A Pleasing Variety for the Youthful Mind (Google eBook)

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M. Day, 1838 - Readers
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Page 4 - All this came upon the king Nebuchadnezzar. At the end of twelve months he walked in the palace of the kingdom of Babylon. The king spake, and said, Is not this great Babylon, that I have built for the house of the kingdom by the might of my power, and for the honour of my majesty...
Page 24 - ... of the convent to their assistance. To provide for the chance that the dogs, without human help, may succeed in discovering the unfortunate traveller, one of them has a flask of spirits round his neck, to which the fainting man may apply for support ; and another has a cloak to cover him. These wonderful exertions are often successful ; and even...
Page 52 - Light, Which I must ne'er enjoy ; What are the blessings of the sight, O tell your poor blind boy ! You talk of wondrous things you see, You say the sun shines bright ; 1 feel him warm, but how can he Or make it day or night ? My day or night myself I make Whene'er I sleep or play ; And could I ever keep awake With me 'twere always day.
Page 47 - I am coming, I am coming! Hark ! the little bee is humming; See ! the lark is soaring high In the bright and sunny sky, And the gnats are on the wing: Little maiden, now is spring. See the yellow catkins cover All the slender willows over ; And on mossy banks so green Starlike primroses are seen; Every little stream is bright; All the orchard trees are white.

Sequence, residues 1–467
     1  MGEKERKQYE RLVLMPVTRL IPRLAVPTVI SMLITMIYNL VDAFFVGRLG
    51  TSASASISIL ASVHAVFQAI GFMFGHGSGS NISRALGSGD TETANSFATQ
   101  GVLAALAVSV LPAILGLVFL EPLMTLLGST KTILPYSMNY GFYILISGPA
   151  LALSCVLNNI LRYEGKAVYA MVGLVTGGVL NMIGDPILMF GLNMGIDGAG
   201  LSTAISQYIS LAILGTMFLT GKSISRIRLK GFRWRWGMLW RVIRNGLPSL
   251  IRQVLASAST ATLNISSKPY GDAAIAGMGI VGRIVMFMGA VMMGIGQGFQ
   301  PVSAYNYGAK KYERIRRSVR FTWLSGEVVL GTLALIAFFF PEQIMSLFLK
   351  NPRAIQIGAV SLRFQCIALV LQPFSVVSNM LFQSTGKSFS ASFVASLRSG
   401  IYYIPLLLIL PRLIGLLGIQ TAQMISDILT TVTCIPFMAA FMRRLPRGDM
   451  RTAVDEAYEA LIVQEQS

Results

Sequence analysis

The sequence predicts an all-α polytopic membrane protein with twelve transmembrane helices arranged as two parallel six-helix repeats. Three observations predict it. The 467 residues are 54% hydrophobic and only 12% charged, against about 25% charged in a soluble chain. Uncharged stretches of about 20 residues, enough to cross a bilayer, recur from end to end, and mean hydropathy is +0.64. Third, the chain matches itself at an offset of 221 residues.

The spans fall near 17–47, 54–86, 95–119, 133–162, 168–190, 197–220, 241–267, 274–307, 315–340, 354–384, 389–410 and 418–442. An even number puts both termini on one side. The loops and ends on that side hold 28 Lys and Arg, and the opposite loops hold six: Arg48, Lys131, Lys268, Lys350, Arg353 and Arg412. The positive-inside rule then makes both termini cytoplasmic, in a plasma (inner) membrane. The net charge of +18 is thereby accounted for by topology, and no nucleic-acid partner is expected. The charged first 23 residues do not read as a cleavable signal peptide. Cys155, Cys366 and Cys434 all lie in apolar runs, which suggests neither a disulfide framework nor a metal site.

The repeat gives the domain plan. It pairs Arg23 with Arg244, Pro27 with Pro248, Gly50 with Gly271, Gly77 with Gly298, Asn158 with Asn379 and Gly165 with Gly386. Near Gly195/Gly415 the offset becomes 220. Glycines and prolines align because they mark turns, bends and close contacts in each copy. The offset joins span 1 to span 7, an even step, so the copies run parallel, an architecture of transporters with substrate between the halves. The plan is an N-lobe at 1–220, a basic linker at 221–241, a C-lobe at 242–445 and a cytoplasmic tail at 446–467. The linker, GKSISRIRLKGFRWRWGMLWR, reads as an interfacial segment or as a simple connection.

Page 52 - twere always day. With heavy sighs I often hear You mourn my hapless woe ; But sure with patience I can bear A loss I ne'er can know. Then let not what I cannot have My cheer of mind destroy : Whilst thus I sing, I am a king, Although a poor blind boy.
Page 34 - ... shady bed, A modest violet grew ; Its stalk was bent, it hung its head, As if to hide from view. And yet it was a lovely flower, Its colours bright and fair ; It might have graced a rosy bower, Instead of hiding there.
Page 24 - No roof seemed so secure to me as that formed of the dense foliage under which the feathered tribes were seen to resort, or the caves and fissures of the massy rocks to which the dark-winged Cormorant and the Curlew retired to rest, or to protect themselves from the fury of the tempest.

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